Felons voting in Florida

Florida+Governor+Ron+DeSantis%2C+who+has+opposed+amendment+four.
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Felons voting in Florida

Florida Governor Ron DeSantis, who has opposed amendment four.

Florida Governor Ron DeSantis, who has opposed amendment four.

Florida Governor Ron DeSantis, who has opposed amendment four.

Florida Governor Ron DeSantis, who has opposed amendment four.

Sara Mount, Staff Writer

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In November Florida voters voted to allow felons to vote. This amendment opened the voting eligibility to 1.4 million felons. However, the amendment was vague originally when it was voted in, making room for interpretation and change. This amendment was one that was supported by Democrats and Republicans and was supported by majority of Floridians who voted.

Despite the change in the voting eligibility, Republicans want to narrow down exactly which felons can vote. This month the Republican state lawmakers expressed their plan to limit the amendment’s scope. The want to change the amendment has made the issue polarizing. Many people do not want so many restrictions on felons voting as Republican candidates would like to have. From the amendment’s inception, felons who committed crimes such as murder and sexual offenses will be limited on their voting right. Beyond that, there are certain parameters that are not clear yet, such as whether finishing a sentence includes paying restitution in full and finishing all parole. For example, Karen Leicht is a convicted felon from Miami was not sure she was eligible to register because of the restitution she still owes. Two senators in Florida told her to go ahead while the lawmakers sort out the specifics of the final amendment. Requirements like paying full restitution before being registered to vote are the limits to the scope Republicans are wanting to implement.  The offenses committed still need to be legislated as well.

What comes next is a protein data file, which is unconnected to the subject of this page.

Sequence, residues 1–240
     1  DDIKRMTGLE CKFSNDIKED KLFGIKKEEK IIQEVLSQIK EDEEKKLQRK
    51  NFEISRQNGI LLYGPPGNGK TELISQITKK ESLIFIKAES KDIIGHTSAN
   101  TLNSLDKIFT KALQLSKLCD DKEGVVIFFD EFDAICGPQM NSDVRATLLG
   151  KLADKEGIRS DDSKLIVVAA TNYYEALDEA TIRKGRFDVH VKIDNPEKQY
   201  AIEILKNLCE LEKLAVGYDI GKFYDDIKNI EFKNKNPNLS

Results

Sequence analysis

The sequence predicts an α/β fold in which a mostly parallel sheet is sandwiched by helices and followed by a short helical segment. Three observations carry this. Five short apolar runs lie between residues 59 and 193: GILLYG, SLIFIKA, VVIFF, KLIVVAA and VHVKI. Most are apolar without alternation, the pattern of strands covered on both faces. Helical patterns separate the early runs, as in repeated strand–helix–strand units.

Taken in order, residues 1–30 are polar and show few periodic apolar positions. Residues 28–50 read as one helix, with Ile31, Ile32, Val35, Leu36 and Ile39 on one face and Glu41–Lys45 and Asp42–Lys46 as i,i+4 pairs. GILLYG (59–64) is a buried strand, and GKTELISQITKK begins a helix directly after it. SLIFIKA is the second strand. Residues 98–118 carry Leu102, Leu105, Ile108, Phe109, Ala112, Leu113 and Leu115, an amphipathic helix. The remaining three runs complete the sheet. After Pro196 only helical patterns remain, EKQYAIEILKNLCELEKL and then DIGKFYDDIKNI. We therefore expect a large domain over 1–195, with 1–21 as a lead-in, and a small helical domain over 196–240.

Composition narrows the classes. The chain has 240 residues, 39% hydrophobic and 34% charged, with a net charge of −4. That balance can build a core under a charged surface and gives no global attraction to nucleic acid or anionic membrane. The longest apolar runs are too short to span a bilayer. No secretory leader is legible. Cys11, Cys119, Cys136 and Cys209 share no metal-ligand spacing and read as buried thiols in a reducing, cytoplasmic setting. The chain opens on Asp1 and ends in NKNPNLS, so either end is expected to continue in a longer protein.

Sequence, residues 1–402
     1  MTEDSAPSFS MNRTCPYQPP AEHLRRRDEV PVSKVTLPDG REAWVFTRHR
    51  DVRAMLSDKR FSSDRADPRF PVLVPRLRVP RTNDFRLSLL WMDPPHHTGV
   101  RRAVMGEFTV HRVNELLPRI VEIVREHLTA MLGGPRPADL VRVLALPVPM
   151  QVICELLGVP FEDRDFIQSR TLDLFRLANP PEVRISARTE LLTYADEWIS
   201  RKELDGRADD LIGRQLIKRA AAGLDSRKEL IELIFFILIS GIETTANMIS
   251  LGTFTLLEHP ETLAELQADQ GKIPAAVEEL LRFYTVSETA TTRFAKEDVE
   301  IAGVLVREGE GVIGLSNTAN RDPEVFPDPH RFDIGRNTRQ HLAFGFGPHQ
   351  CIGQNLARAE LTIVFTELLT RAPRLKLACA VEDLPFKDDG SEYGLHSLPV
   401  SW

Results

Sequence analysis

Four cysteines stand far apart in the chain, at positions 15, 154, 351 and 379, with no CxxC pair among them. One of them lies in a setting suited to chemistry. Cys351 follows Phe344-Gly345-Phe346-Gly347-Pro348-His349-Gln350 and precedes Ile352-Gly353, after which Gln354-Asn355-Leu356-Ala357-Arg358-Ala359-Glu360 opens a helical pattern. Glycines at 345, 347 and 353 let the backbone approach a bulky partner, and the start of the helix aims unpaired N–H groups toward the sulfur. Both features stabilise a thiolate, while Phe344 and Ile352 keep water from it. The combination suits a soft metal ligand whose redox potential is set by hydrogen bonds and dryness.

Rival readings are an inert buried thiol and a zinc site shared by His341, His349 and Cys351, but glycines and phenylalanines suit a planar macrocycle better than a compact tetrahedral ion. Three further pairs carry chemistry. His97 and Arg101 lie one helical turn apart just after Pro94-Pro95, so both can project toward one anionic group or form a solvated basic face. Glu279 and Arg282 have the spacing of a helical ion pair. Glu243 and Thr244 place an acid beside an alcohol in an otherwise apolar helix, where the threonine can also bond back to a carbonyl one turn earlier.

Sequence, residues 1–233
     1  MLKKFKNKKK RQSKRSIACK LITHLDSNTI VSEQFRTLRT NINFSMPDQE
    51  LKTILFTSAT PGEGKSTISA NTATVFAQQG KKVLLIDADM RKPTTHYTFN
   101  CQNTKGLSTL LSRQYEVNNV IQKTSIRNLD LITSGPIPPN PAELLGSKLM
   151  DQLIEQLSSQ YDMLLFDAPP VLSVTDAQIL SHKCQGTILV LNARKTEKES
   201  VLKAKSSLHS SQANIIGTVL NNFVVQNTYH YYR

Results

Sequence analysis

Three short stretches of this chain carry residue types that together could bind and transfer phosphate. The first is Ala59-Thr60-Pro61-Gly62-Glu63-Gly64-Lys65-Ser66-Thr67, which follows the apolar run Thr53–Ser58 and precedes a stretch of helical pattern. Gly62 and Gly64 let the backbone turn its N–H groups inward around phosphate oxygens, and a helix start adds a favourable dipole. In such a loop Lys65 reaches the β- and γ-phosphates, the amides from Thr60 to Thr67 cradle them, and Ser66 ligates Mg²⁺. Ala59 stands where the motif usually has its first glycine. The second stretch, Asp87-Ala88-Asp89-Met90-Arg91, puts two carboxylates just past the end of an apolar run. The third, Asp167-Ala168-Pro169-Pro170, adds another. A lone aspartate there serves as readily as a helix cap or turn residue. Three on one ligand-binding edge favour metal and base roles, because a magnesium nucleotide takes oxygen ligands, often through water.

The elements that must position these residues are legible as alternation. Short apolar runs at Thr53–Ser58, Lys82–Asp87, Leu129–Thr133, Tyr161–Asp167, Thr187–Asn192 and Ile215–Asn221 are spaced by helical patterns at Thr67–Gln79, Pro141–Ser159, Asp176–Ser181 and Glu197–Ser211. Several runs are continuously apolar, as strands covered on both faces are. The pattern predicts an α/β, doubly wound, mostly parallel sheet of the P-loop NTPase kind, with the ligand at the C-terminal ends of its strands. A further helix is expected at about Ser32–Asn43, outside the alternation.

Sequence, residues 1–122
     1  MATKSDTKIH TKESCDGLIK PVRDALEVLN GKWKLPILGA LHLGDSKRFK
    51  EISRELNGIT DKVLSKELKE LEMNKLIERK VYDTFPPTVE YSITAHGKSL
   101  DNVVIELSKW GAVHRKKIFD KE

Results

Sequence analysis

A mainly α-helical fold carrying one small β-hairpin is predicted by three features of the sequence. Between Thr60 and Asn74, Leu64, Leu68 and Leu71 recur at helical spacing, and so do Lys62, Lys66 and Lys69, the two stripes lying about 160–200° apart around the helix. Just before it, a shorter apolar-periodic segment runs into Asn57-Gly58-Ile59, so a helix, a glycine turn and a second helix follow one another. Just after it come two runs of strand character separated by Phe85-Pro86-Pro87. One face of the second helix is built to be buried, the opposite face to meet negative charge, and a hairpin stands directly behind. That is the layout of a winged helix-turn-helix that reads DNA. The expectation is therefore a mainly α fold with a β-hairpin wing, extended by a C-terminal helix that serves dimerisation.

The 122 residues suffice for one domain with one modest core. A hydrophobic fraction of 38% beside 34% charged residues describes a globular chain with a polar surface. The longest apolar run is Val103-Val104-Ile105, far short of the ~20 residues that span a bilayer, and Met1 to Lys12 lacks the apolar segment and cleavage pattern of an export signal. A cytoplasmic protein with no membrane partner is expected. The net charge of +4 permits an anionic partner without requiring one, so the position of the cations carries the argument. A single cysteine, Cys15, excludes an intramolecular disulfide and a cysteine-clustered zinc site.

With such a monumental change to voting rights in Florida comes lots questions and disagreements. Republicans are pushing for a more restricted amendment. Democrats are wanting to keep it more open. Even though both Democrats and Republicans voted for felons’ right to vote, many people disagree on the specifics.

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Felons voting in Florida